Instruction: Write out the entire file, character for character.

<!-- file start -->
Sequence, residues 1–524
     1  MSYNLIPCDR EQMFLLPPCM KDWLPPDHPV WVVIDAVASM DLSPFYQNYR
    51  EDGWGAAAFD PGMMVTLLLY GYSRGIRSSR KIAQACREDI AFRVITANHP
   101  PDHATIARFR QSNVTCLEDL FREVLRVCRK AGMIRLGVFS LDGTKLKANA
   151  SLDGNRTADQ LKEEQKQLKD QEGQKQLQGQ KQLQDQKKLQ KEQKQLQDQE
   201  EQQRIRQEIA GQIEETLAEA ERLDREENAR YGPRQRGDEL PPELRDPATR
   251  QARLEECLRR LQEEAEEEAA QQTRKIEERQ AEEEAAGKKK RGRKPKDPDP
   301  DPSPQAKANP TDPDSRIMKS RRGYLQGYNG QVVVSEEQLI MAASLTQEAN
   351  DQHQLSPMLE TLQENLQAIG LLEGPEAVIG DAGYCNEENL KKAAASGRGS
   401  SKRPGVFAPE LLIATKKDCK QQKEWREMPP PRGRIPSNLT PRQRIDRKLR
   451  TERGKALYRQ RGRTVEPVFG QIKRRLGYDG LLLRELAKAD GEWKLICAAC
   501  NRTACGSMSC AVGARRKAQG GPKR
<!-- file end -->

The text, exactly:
Sequence, residues 1–524
     1  MSYNLIPCDR EQMFLLPPCM KDWLPPDHPV WVVIDAVASM DLSPFYQNYR
    51  EDGWGAAAFD PGMMVTLLLY GYSRGIRSSR KIAQACREDI AFRVITANHP
   101  PDHATIARFR QSNVTCLEDL FREVLRVCRK AGMIRLGVFS LDGTKLKANA
   151  SLDGNRTADQ LKEEQKQLKD QEGQKQLQGQ KQLQDQKKLQ KEQKQLQDQE
   201  EQQRIRQEIA GQIEETLAEA ERLDREENAR YGPRQRGDEL PPELRDPATR
   251  QARLEECLRR LQEEAEEEAA QQTRKIEERQ AEEEAAGKKK RGRKPKDPDP
   301  DPSPQAKANP TDPDSRIMKS RRGYLQGYNG QVVVSEEQLI MAASLTQEAN
   351  DQHQLSPMLE TLQENLQAIG LLEGPEAVIG DAGYCNEENL KKAAASGRGS
   401  SKRPGVFAPE LLIATKKDCK QQKEWREMPP PRGRIPSNLT PRQRIDRKLR
   451  TERGKALYRQ RGRTVEPVFG QIKRRLGYDG LLLRELAKAD GEWKLICAAC
   501  NRTACGSMSC AVGARRKAQG GPKR